War Without Strategy
This is a dangerous edition of The Galli Report, because I'll be dabbling in an area I know little about—foreign affairs. That doesn't stop me from being fascinated by it.
Take, for instance, this analysis of our recent wars in the Middle East. As an amateur in this field, I found "The Wages of War Without Strategy" a compelling argument: The United States hasn't had a coherent strategy or end game, and this more than anything is the source of our woes in that region. I assume readers of the GR will inform me of alternative ways of looking at that complex subject! Not every follower of Jesus has to concern himself with such complex issues, but I'm glad some are called to do so.
Another foreign policy analysis comes from Andrew Bacevich, whose writing I've pointed to before. Again his argument makes sense to me: We long for the "global order" that at one time characterized US foreign policy, but that seems to be a bit of nostalgia, or more bluntly, a myth. Not sure what this says about what we should do now, but it does suggest that global politics is a messy business even in the best of times. Lord, have mercy.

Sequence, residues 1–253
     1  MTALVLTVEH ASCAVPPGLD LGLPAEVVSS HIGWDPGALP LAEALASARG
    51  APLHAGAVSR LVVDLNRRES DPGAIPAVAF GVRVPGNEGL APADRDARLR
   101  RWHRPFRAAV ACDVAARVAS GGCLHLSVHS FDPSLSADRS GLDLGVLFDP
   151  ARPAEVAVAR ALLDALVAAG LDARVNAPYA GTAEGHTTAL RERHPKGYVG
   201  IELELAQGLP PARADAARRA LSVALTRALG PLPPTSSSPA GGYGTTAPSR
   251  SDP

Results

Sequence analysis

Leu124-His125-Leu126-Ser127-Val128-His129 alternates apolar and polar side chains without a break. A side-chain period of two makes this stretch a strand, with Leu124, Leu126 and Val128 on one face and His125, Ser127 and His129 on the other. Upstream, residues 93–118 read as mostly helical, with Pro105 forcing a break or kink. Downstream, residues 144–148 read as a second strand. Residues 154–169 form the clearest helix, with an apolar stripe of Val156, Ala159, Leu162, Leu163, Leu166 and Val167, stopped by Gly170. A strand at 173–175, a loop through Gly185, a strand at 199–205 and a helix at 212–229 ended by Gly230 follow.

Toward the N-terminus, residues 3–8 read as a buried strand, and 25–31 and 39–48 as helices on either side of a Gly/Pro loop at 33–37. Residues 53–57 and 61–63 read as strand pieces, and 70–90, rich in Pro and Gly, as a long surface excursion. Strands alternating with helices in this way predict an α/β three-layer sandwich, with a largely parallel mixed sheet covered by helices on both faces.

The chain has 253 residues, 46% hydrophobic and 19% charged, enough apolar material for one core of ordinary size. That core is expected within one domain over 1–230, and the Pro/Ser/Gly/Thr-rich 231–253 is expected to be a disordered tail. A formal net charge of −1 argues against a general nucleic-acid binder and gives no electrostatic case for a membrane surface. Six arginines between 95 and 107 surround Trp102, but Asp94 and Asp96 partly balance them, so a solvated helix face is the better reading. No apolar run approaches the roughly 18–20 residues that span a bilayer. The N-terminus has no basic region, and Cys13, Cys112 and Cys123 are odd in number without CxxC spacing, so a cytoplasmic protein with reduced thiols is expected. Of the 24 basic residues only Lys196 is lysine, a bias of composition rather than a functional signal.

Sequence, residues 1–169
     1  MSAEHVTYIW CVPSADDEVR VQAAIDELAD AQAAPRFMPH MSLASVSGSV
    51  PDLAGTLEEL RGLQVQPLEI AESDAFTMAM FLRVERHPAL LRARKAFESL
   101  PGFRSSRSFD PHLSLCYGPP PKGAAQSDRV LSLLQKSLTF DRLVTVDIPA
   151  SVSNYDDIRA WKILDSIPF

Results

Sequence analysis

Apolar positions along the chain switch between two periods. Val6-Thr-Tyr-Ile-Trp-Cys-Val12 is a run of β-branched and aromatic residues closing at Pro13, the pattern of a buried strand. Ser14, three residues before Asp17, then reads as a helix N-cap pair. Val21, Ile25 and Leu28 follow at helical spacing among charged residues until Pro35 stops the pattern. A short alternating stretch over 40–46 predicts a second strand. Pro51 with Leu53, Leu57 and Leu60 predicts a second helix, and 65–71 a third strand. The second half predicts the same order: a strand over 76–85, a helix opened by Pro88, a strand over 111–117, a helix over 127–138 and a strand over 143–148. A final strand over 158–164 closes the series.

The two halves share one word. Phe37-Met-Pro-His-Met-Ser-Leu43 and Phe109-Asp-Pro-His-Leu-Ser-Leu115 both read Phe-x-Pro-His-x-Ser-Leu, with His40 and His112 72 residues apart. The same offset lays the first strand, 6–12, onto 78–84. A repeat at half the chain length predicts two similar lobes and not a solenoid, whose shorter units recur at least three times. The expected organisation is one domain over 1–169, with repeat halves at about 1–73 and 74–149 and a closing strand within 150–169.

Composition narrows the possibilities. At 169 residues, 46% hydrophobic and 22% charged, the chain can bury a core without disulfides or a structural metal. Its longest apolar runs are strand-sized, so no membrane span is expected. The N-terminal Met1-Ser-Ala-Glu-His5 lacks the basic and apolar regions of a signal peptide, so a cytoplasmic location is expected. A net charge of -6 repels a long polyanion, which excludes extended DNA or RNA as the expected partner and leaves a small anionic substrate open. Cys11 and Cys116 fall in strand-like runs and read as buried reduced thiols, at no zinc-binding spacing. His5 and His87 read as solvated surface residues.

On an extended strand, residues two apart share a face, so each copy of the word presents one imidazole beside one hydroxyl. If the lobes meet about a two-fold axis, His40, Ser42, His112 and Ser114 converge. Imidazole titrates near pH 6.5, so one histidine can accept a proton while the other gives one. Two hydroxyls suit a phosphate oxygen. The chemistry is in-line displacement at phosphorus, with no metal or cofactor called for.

What the Benedict Option Looks Like in Australia
Lots of ink and pixels have been spent in arguing about Rod Dreher's The Benedict Option. It is not, as some of would have it, an argument for withdrawal from the public square but instead a vision of what engagement might look like at the local level. That idea has been disruptive enough in the US. But theologian Michael Bird believes that in anti-Christian Australia, Christians need to do something even more disruptive. It's a reminder of how thinking globally can give us fresh perspective on how to tackle things at home.
Grace and peace,
Friday, July 14, 2017
P.S. In the rush to get two Galli Reports out before the July 4 weekend, I failed to put the correct link in for the humor video about the breakup of Britain and the U.S. I hope this link is correct!